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That's fine with the 25-year-old left-hander, who hopes to remind the Yankees how important he was in the late innings through the first five months of last season.
In 50 appearances through Sept. 5, Shreve compiled a 1.86 ERA in 53 1/3 innings, permitting 33 hits while walking 27 and striking out 60.
The rest of September was a nightmare, as Shreve surrendered nine runs and 16 hits -- including four homers -- in nine appearances that spanned just five innings, for a 16.20 ERA. Shreve was not surprised when the Yankees left him off the roster for the American League Wild Card Game.
"I think it was just a little bit of fatigue," Shreve said. "I think it was a little bit of, when stuff went wrong, I started changing stuff and not doing the whole, 'Look at the glove and throw strikes and not worry about who's up.' I think that just started to build up on me. It snowballed."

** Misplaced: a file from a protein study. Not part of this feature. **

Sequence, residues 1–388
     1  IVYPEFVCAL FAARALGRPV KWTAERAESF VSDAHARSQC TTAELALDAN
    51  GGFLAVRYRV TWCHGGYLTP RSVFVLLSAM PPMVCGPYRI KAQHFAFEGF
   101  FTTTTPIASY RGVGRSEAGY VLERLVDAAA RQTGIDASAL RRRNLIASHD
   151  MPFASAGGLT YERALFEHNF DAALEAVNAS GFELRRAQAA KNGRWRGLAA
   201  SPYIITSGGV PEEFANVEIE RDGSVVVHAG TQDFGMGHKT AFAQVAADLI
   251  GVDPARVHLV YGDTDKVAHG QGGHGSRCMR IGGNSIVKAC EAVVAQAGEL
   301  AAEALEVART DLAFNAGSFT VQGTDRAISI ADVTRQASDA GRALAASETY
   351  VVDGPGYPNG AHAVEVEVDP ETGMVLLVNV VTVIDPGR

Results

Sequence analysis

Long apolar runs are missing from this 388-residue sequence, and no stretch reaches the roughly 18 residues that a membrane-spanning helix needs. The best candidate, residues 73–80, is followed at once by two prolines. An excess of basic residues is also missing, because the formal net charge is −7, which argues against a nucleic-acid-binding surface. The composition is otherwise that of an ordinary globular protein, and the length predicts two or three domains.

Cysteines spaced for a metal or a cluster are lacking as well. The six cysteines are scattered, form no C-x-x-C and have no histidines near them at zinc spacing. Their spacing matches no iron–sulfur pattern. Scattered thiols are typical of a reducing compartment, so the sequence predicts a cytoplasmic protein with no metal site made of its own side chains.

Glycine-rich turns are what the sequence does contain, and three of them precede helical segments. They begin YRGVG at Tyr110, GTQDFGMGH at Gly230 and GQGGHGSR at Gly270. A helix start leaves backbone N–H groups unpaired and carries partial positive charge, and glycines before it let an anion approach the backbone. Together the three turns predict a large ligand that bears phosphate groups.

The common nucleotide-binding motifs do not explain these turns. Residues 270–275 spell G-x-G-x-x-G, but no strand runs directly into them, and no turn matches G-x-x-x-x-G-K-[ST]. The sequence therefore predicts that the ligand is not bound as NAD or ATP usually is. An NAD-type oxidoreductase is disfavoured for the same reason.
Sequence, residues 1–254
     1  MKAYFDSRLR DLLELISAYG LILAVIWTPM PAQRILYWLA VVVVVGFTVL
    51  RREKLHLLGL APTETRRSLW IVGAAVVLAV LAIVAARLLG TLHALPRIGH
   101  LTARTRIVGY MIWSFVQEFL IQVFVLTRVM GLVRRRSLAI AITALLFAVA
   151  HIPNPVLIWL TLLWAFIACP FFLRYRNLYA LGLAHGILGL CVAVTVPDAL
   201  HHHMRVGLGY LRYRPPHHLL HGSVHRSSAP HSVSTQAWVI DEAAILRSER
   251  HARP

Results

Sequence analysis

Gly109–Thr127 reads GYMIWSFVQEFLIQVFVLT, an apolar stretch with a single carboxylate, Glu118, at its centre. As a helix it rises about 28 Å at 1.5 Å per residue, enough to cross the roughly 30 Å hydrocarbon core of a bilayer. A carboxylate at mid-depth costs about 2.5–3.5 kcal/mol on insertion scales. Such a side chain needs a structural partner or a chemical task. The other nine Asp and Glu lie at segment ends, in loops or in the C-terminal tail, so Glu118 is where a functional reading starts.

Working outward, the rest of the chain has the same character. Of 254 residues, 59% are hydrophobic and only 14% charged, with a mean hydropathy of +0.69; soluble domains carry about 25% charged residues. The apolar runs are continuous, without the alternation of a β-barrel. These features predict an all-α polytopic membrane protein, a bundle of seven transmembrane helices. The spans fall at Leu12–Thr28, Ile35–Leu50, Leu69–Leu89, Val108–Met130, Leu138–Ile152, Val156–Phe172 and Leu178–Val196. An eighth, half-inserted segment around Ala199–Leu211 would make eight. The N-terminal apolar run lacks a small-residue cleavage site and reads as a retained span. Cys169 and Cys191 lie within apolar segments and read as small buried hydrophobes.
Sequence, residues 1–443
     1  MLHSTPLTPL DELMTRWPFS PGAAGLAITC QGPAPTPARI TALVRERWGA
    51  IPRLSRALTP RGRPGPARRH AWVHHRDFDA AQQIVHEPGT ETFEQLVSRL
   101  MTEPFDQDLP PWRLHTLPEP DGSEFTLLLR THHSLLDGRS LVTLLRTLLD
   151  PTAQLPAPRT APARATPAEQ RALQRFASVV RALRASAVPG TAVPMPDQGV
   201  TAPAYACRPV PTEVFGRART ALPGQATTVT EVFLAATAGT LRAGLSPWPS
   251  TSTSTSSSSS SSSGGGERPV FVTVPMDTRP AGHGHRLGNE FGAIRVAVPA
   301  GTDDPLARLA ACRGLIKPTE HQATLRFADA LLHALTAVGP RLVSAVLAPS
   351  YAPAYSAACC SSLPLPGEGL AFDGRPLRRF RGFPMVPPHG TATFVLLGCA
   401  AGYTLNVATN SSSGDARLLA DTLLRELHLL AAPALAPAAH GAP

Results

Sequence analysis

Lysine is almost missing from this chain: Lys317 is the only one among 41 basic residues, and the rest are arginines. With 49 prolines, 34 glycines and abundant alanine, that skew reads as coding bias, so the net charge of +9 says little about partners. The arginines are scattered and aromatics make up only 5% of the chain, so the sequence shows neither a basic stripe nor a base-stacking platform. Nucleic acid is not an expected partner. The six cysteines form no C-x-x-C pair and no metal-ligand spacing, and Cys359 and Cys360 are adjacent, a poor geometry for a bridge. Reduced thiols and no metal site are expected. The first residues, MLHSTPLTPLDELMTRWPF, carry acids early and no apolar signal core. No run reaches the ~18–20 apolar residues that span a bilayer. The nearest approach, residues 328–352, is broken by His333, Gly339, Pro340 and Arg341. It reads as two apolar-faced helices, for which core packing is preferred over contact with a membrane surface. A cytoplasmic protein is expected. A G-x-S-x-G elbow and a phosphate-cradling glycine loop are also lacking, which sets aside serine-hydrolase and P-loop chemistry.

Catcher Brian McCann has suggested that Shreve may have been tipping pitches in September, though Girardi and pitching coach Larry Rothschild have downplayed that. Girardi said that he believes fatigue was the reason for the tailspin, and that Shreve looks like he has returned to form.
"I noticed it right away in Spring Training, right away when he was throwing his bullpens," Girardi said. "It looked like the guy that we saw, and it's continued in the games."
Girardi has said that his most important decisions this spring may be filling out the remainder of the bullpen, especially with Chapman suspended until May 9. Shreve seems to be in good position to grab one of those spots, a much more preferable spot than he was in a year ago.
"Honestly, I'm just approaching it to get ready for the season," Shreve said. "It's not my call. It's just something to worry about. I'm coming in like last year just to do my best and get ready for the season."
Bryan Hoch is a reporter for MLB.com. Follow him on Twitter @bryanhoch, on Facebook and read his MLBlog, Bombers Beat. This story was not subject to the approval of Major League Baseball or its clubs.